Help Students Cut Through the Bull: FPs Are in Demand
"My attendings tell me there is no future in family medicine," said my medical student. "They said that if I went into family medicine, I would be wasting my education. They told me that I am too smart for family medicine, and that primary care would be taken over by APNs and PAs."
She looked worried, but I'm afraid I laughed at her comments because they were the same warnings I heard as a medical student 25 years ago. You would think the subspecialists' arguments would have changed at least a little in a quarter century, especially in light of the rapid change in technology and medicine.
I explained to the student that this was an example of "bulshytt," a term coined by author Neal Stephenson in his book Anathem. Stephenson offers a couple of definitions of the term, the most relevant of which appears to be "a derogatory term for false speech in general, esp. knowing and deliberate falsehood or obfuscation."
It is true that medical technology is changing rapidly, and there are forces at work within our society that will stress and change our profession. IBM's Watson (and other expert- and crowd-based systems), genomics and telemedicine are just a few of the emerging technologies that we will be contending with in the next 25 years. However, there will always be a central place in health care for family medicine.
Frankly, I would be much more concerned about going into radiology, oncology or other subspecialties. Watson is effective at algorithmic medicine based on the latest research, and it apparently reads X-rays nearly as well as a radiologist. Surgical robots such as da Vinci and STAR represent a maturing technology that continues to improve. It is hard to imagine an autonomous surgical robot, but autonomous cars were science fiction just a short time ago.
What will remain fundamental are the relationships we have with our patients, the healing power of touch, the reassurance and wisdom of a trusted adviser backed up by all this amazing technology. And this is where it gets really cool.
As technology improves, the price drops and it is easier to use. Look at ultrasound, for example, and CLIA-waived tests that we can perform in our clinics. We will be able to do more and more in our offices or even in our patients' homes at a fraction of the cost of hospital-based care. More and more, hospital systems will need us, but we will not need them. In the long term, I think this is where medicine is going, and it will be family physicians doing the work.
In the short term, there is a tremendous need for well-trained, full-spectrum family physicians in rural and inner-city populations. Infant mortality rates in both of these populations are much higher than in the general population and are frankly appalling. We desperately need well-trained generalist physicians in both these areas who are capable of providing the full continuum of family medicine -- from maternity care and well-child checks to end-of-life care and emergency medicine. Backed up by technology such as telemedicine, care can be provided in a critical-access hospital that is on par with offered in tertiary-care hospitals.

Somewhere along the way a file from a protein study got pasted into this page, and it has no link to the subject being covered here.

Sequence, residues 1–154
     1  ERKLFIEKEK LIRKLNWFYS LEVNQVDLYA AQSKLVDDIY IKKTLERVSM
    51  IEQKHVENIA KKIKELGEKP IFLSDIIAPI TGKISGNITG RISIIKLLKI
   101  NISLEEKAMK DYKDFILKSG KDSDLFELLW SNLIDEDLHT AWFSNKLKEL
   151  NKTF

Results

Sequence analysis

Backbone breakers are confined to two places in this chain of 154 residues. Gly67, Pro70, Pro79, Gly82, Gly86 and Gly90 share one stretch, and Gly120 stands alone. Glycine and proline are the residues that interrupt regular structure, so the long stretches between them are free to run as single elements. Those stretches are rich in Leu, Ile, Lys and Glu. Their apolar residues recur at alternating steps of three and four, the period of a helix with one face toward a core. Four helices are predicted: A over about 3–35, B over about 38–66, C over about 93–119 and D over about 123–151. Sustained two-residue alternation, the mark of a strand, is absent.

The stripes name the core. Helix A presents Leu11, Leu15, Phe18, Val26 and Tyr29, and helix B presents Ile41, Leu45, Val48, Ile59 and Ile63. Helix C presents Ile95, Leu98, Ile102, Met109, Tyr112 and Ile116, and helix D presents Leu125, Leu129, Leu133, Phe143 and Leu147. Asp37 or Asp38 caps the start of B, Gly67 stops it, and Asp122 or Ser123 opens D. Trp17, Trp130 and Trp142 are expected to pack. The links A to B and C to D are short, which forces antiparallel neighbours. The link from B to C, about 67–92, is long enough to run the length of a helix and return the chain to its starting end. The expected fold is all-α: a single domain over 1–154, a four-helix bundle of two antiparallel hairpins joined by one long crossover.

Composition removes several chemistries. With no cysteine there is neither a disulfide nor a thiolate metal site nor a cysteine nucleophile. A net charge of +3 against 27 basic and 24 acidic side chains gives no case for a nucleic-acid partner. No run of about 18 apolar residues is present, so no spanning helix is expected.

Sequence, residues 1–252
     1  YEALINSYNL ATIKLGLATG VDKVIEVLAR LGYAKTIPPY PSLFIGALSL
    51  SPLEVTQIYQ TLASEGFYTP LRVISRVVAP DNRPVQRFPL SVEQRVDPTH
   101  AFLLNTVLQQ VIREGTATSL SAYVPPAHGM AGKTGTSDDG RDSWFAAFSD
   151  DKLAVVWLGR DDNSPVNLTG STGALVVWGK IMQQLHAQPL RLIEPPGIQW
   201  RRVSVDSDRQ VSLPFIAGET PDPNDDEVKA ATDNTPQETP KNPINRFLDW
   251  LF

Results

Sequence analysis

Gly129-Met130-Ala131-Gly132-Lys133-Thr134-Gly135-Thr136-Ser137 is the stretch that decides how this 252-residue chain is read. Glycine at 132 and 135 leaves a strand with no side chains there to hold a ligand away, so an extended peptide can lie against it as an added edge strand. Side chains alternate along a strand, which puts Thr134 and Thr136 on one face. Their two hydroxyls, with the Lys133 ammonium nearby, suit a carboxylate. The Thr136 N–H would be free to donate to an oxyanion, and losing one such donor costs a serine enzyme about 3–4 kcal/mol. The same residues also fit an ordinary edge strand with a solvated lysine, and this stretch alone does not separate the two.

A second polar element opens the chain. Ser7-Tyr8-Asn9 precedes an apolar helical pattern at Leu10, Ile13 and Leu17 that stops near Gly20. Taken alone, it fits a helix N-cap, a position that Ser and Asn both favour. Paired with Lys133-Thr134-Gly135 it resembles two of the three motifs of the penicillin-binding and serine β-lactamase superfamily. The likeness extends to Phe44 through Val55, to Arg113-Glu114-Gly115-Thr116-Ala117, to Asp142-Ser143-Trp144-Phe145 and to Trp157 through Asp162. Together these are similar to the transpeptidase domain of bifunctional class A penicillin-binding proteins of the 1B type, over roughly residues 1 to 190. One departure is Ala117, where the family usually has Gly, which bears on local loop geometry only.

This touches on the social determinants of health, which are likely more important than much of what we do with medicine. With advances in population health and data management, family physicians are uniquely qualified to work at the intersection of primary care and public health. Imagine the impact that a clinic that harnesses individual patient encounters with a truly effective and integrative medical record could have on community health, especially when coupled with strong and effective advocacy. These are areas that will require a family physician's depth and breadth of knowledge.
I've recently attended lectures by people who considered physicians to be superfluous and anachronistic. Smart devices, hologram projections and big data will remove the physician from the equation, according to these speakers. I heard the same argument about how the Internet would make doctors obsolete 20 years ago. I didn't believe it then, and I don't believe it now. Algorithmic medicine works best when the problem is defined. Patients who present to primary care are unselected, complicated and often in need of emotional support. Despite our recent technologic development, we are social animals. Technology provides little comfort. It cannot touch. It has no wisdom.
A wise man once said, "Predictions are difficult, especially about the future."
There may come a time when physicians are no longer needed, but one thing I know is that family physicians will be the last doctors standing. And if a large meteor ever hits Earth or there is a zombie apocalypse, family medicine will be the specialty most in demand. Given those two boundary conditions, and the growth of technology that will benefit primary care, there is a definite future in family medicine, and we will continue to need our best and brightest students to go into it.
I'm sorry I laughed at my student. I'm not usually so socially inept. But really, the arguments haven't changed in more than 20 years.
A bigger question remains. How do we address the same old bulshytt that continues to be perpetuated in medical schools?
John Cullen, M.D., is a member of the AAFP Board of Directors.
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